Mikkel Christensen is an assistant professor at the Centre of Excellence for International Courts at the University of Copenhagen (iCourts). His research focuses on legal sociology, sociology of elites and international prosecution. He’s currently researching the dynamics of the international justice world.
“I think of justice as a contentious term. For me, justice is something which a wide array of stakeholders are struggling and battling to define. I don’t have a more philosophical or substantial idea of what justice is. Justice is something which, since the 1990s, has increasingly become the centre of attention for a lot of agents, institutions and countries that are trying to define what justice is in their own terms.
“I did an internship at HIA, Humanity in Action, where they train people to care about human rights. I’ve done a lot of volunteer work in human rights. I work for an organisation that gives legal aid to immigrants in Denmark. So I’ve always been on the border of academia and this field, but I’ve become increasingly interested in the power dynamics that I saw in this field, of how they play out, how they frame and give direction to human rights and international justice.
“I became more and more interested in the funding issue. Where does the money come from? Who is involved in this game? Who is calling the shots? Who is dominating the discourse?
“So I moved away from being a part of it and more into the role of being analytical and trying to understand the power dynamics of this world of justice. I’ve never really been a part of international justice as such. I’ve never worked in tribunals, only in NGOs around the tribunals but not directly related. I think the main difference for me in taking the step back is the focus becomes a bit different. It is not about trying to implement a certain idea of justice, but looking at that battle, at the people trying to champion separate ideas of justice. I’m not trying to downplay the importance of this field. What I’m saying is that there’s something happening, and it has been happening since the 90s, and that’s the creation of an entirely new field of international justice.
“To understand that academically and scientifically, you need to take that step back. Because if I put all my eggs in that basket, I’ll be tied up in the dynamics that I’m actually trying to analyse. So you need to break with the self-representation of the field. You also need to break with all the concepts that are constantly floating around, concepts like what justice is, what peace and stability are. If I engage in trying to define those concepts, I’ll be part of the same thing I’m trying to analyse. As a social scientist and sociologist that can become quite a problem. That’s why I try to stay on the outside. But, of course, I’m deeply interested in what’s going on.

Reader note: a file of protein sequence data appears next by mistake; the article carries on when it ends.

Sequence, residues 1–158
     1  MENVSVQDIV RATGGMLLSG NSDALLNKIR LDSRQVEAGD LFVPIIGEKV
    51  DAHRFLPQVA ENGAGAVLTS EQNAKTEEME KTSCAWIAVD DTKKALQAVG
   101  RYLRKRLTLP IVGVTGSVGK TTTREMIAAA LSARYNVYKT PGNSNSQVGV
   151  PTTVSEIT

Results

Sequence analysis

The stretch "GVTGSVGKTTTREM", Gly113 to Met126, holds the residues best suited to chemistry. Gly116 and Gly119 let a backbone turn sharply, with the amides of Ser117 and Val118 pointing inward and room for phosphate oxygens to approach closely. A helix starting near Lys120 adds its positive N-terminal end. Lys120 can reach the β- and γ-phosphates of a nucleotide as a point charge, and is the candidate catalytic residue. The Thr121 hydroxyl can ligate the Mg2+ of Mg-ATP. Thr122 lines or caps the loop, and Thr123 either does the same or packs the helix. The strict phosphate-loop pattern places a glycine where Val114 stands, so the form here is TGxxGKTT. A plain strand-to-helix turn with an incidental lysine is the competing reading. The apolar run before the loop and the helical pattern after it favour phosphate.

“There are hugely interesting things that are going on on a global scale. I follow all the cases as much as I can, but it can be difficult to maintain that distance. If that break is not there, I don’t take it seriously as a sociological phenomenon. That becomes problematic. It’s a sign of respect that I try to see it as something that has popped up in its own right, has its own power dynamics that have to be analysed to understand what is going on.
“Of course, it’s also a political phenomenon. The political boundaries of this field are the framework. But to understand how that framework becomes something, gets a direction and its own dynamic, you need to understand the players and the actors who are actually translating that larger framework into concrete actions, translating it into case law, translating it to outreach. In this field, there’s a layer between the political framework and the law that is actually left out. There are people who are trying to give it a direction, working together but also sometimes against each other to create something new in international justice.
“I’m looking at the genesis of the field, the first players. We all know their names. At one point, there were 4000 professional positions in the late 2000s in the ad hocs and the ICC. Now it seems to be winding down a bit. But there’s also a huge amount of professionals in NGOs and academia who are really a part of the stakeholders in the field. They’ve invested their careers and intellectual capabilities into creating something new. So I try to look at what you call the social structuration of this field. How you move from one little rented office in The Hague which had the first ICTY staff, to having a lot of institutions in The Hague, the ICC, the STL, the MICT, as well as a myriad of different hybrid courts that operate locally around the globe.
“I’ve done interviews in the States, Canada, Denmark, Holland and Belgium. In this sense, I also try to cover national stakeholders. I spoke to people who participated in negotiating the Rome Statute. I’ve also tried to talk to people who have been in The Hague and returned to the national arena. That is also very interesting for me. What does it take to become an international actor and how do you transfer back? A lot of people I’ve talked to have had difficulties finding their feet in the national context afterwards. That’s part of the structuration of this field as a professional world. People give their careers to this field, but what do they get out of it? Can they transfer that knowledge and expertise to other fields? Is that possible or problematic? That says a lot about the future of the field. Where do they go afterwards? I’m hoping my work will be a critical analysis of how professional and social structures have been part of the foundation of this field.”
(Photo: Niklas Jakobsson/Justice Hub)
My Justice highlights the stories of individuals who work in the field of international justice or who have been affected by it and asks what does justice mean to them.Republish